- Book Beginnings on Fridays hosted by Rose City Reader, where bloggers share the first sentence or more of a current read, as well as initial thoughts about the sentence(s), impressions of the book, or anything else that the opening inspires.
- The Friday 56 hosted by Freda's Voice, where you grab a book and turn to page 56 (or 56% of an eBook), find one or more interesting sentences (no spoilers), and post them.
Today I'm featuring The Lincoln Highway by Amor Towles. The excerpts shared are from a hardcover version borrowed from the library.
June 12, 1954--The drive from Salina to Morgen was three hours, and for much of it, Emmett hadn't said a word.
Page 56: Oh, Omaha, I remember thee well.
It was August of 1944, just six months after my eighth birthday. That summer, my father was part of a traveling revue claiming to raise money for the war effort.
My thoughts: I am excited that one of my favorite authors has published a new novel. I absolutely loved both of his previous books, Rules of Civility and A Gentleman in Moscow. He is a wonderful storyteller and writes brilliant dialogue.
In June, 1954, eighteen-year-old Emmett Watson is driven home to Nebraska by the warden of the work farm where he has just served a year for involuntary manslaughter. His mother long gone, his father recently deceased, and the family farm foreclosed upon by the bank, Emmett’s intention is to pick up his eight-year-old brother and head west where they can start their lives anew. But when the warden drives away, Emmett discovers that two friends from the work farm have hidden themselves in the trunk of the warden’s car. Together, they have hatched an altogether different plan for Emmett’s future.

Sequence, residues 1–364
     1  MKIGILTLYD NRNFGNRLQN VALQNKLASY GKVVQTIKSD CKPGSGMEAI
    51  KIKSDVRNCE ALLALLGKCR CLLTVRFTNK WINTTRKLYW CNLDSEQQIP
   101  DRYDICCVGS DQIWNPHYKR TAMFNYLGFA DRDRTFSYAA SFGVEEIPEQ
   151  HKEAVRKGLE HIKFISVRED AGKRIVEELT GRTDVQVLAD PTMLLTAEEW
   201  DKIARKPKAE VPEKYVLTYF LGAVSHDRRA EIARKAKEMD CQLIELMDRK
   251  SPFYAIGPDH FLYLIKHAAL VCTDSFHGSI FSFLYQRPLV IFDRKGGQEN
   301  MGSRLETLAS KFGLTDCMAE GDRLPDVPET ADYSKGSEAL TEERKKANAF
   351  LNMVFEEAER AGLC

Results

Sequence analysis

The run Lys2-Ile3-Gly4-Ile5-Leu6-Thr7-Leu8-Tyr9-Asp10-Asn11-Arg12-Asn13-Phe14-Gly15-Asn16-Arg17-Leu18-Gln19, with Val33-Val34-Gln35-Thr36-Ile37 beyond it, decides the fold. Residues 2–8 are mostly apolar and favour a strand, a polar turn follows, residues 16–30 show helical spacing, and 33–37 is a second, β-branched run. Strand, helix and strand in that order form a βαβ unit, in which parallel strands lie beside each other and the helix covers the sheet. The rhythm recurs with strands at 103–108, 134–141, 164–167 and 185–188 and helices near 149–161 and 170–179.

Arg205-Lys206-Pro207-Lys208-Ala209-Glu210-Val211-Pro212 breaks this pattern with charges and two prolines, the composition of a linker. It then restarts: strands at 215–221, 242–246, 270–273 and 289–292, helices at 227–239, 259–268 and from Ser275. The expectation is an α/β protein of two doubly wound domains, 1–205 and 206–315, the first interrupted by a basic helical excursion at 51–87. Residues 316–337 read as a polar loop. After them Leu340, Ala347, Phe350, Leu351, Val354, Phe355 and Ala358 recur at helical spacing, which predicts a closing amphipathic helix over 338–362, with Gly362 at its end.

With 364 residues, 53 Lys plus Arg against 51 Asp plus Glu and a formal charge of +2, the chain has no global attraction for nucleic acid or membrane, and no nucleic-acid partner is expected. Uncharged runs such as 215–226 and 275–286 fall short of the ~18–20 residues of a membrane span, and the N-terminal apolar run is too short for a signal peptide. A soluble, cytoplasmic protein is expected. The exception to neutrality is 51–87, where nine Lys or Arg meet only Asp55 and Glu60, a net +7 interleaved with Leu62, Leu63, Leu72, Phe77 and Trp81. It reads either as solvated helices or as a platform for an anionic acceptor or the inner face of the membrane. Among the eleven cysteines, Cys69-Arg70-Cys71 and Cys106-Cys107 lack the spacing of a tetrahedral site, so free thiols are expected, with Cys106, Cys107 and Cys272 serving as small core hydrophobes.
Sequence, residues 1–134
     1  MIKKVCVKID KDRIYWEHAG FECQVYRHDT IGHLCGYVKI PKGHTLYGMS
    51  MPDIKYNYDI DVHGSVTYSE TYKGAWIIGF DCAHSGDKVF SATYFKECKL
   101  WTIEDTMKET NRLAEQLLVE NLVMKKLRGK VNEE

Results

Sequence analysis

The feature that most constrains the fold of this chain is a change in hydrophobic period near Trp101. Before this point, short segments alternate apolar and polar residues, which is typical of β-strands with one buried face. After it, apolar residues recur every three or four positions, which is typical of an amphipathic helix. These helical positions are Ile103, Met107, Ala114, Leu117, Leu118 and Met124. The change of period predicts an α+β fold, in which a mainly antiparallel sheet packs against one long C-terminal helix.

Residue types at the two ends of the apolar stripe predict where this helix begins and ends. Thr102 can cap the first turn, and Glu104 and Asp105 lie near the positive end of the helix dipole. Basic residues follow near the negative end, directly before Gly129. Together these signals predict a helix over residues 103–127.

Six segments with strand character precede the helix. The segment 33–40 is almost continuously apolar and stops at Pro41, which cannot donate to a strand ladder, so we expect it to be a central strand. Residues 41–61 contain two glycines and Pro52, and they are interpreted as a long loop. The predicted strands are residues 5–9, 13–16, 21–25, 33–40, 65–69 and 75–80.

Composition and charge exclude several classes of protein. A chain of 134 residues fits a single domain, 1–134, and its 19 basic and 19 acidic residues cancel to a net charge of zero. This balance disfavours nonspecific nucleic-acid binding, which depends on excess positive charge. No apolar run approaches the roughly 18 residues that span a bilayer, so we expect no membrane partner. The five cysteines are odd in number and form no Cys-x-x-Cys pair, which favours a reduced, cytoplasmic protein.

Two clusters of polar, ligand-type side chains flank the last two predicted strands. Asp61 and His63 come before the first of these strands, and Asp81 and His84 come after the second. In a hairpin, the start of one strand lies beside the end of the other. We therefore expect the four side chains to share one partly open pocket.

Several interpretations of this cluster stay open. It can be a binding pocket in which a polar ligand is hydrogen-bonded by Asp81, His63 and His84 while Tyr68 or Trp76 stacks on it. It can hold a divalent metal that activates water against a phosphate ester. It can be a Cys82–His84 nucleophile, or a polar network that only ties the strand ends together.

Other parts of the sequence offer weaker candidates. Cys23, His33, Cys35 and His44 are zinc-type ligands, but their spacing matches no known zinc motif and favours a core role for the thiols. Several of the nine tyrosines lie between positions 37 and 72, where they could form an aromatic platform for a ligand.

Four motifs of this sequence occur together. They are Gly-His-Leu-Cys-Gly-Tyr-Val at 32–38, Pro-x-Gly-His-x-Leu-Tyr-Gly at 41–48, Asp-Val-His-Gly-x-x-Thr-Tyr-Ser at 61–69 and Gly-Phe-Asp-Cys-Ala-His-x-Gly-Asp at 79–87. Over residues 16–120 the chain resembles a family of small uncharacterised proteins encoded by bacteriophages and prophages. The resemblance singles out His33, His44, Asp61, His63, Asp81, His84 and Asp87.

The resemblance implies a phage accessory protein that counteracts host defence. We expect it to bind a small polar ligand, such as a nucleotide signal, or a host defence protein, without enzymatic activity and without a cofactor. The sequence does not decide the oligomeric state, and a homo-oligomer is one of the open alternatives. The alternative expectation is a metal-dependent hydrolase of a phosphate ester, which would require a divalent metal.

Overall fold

Spanning just ten days and told from multiple points of view, Towles’s third novel will satisfy fans of his multi-layered literary styling while providing them an array of new and richly imagined settings, characters, and themes.
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